Bertha Barnes: [tearfully] No one ever learned it so well.
For propaganda-combat, this takes the cake.
Col. Joseph Madden (John Wayne) is an old-time Philippine hand. At the moment, he has his hands full staving off hordes of Japanese invaders on Bataan. One of his officers, Captain Andrés Bonifácio (Anthony Quinn), is the grandson of a great Filipino freedom fighter. Bonifácio is in turmoil because his girlfriend Dalisay Delgado has become something like the Tokyo Rose of the Philippines, broadcasting daily to get the Filipinos to give up. Col. Madden is called back to Corregidor to get new orders.
General MacArthur has just received orders to leave for Australia and it looks like Bataan will fall any day. Madden is told to organize the Filipino guerrilla resistance. He returns to the island in time for the fall of the village that is the cradle of Filipino independence. There we see Japanese atrocities against the principal of the local school, etc. The schoolteacher (Beulah Bondi) joins the rebels in the mountains. She wants Madden to go back to the village and avenge the life of the principal on the Japanese. Madden has orders to blow up a Japanese gas dump and refuses. The ragtag band of untrained guerillas is surprisingly effective in its mission and also manages to rescue Captain Bonifácio from the Bataan Death March.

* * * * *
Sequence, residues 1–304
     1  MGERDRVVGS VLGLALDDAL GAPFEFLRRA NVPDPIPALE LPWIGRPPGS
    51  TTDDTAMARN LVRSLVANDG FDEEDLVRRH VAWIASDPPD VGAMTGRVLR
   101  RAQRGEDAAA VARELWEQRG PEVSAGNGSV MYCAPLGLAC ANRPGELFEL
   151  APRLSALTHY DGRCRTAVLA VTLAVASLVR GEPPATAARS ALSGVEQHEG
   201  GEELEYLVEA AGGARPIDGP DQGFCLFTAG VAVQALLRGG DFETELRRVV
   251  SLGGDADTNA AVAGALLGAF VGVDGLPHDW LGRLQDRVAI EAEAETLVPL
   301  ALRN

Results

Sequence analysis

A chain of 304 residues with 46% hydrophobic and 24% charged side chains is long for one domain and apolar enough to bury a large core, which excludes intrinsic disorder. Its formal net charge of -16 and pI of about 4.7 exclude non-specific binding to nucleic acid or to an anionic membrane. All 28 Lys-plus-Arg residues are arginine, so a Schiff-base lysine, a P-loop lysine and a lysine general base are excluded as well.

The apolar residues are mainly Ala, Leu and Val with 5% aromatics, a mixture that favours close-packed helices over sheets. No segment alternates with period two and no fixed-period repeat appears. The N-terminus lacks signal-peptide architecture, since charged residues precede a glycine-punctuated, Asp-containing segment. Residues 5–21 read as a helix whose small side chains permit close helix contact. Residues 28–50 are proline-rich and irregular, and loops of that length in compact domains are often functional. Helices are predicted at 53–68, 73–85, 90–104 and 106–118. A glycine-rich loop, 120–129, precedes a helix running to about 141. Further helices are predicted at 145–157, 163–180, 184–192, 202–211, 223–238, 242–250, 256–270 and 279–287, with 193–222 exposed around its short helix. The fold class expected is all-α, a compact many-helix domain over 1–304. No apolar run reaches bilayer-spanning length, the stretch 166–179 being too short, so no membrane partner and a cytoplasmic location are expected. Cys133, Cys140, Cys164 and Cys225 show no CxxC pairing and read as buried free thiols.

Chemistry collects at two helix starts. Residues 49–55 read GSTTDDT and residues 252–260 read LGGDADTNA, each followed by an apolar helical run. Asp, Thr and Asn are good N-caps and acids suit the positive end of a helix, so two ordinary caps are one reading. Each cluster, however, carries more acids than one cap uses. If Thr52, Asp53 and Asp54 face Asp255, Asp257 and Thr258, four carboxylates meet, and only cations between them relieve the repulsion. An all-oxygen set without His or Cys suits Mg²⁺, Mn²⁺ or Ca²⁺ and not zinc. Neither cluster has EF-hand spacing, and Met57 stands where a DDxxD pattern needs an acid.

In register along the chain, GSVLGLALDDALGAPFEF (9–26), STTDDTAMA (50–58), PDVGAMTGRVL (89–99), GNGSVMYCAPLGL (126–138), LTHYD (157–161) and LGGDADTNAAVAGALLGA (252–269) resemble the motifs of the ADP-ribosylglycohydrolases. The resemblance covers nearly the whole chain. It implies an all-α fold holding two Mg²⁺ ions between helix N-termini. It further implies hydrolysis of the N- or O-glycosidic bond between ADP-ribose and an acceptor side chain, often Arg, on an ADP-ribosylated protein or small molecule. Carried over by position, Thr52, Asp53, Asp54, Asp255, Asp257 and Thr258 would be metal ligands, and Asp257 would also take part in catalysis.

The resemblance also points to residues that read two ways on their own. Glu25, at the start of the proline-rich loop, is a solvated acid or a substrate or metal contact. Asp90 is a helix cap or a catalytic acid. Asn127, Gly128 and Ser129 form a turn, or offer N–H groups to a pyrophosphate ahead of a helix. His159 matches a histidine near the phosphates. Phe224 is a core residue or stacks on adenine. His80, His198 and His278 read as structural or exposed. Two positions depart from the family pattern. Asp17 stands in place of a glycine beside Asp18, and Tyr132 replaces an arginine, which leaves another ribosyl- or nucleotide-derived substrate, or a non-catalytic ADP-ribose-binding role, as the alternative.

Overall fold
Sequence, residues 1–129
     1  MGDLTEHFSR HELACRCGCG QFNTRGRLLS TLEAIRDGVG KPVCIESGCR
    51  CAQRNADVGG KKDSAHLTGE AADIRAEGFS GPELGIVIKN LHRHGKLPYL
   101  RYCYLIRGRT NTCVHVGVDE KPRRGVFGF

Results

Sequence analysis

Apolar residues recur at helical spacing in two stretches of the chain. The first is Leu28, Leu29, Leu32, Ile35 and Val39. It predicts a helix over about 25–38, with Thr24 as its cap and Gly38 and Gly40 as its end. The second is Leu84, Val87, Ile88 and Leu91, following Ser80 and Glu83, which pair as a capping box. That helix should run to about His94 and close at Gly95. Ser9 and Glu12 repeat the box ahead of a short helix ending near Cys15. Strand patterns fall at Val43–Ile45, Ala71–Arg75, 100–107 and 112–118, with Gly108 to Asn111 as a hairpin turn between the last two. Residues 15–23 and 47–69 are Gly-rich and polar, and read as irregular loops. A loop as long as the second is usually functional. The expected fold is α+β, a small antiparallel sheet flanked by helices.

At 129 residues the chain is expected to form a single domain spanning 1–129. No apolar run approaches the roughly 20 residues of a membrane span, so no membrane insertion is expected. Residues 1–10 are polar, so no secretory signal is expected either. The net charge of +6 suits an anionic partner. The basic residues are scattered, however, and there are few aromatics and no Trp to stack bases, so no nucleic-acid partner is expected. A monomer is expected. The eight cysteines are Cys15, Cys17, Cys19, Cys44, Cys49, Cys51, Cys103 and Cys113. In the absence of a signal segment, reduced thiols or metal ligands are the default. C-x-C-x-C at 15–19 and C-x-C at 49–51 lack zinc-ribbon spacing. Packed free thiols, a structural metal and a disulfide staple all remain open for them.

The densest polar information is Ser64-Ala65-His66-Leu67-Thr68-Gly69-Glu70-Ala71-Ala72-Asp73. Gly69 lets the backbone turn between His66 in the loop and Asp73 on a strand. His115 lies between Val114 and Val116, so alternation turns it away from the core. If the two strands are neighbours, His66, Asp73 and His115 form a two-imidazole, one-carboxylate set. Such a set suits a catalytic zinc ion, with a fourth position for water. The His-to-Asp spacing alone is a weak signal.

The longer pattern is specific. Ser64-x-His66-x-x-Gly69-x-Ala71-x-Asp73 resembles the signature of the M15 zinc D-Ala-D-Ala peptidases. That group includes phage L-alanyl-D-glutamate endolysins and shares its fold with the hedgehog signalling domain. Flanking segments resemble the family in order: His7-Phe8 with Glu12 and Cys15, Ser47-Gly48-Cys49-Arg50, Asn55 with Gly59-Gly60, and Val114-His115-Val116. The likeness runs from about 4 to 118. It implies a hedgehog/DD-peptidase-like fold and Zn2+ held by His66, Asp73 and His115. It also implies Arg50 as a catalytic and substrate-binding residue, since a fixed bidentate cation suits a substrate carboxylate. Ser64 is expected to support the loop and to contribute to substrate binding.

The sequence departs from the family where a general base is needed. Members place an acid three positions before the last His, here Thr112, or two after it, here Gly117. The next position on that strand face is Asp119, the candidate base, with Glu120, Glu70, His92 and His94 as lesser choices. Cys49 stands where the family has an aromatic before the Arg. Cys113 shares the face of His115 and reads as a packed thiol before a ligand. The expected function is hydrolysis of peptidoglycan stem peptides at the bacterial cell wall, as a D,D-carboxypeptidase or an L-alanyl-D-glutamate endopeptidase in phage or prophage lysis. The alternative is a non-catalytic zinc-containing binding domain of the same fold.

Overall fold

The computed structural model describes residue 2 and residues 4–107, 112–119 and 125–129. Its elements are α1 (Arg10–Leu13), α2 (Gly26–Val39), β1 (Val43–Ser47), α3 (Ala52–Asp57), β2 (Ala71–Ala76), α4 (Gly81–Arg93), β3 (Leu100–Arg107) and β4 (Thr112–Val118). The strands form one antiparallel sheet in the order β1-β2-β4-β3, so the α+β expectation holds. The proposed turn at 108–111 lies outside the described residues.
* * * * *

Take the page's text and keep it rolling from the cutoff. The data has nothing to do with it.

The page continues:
I could go on but it is unnecessary. Suffice it to say that MacArthur makes good on his promise to return.
Take a look at the quote up top and you will get a good idea of what is wrong with this movie. In fact, the whole reason for Beulah Bondi’s character seems to be to spout off platitudes such as this. The entire movie is first a tribute to Filipino resistance and only secondarily a story, much of which does not make much sense. We keep getting big potential payoffs, such as the real identity of Quinn’s girlfriend, that are then more or less thrown away. Speaking of Quinn, he looks just ludicrous as a Filipino. Especially so when seen with dozens of actual Filipinos in this film.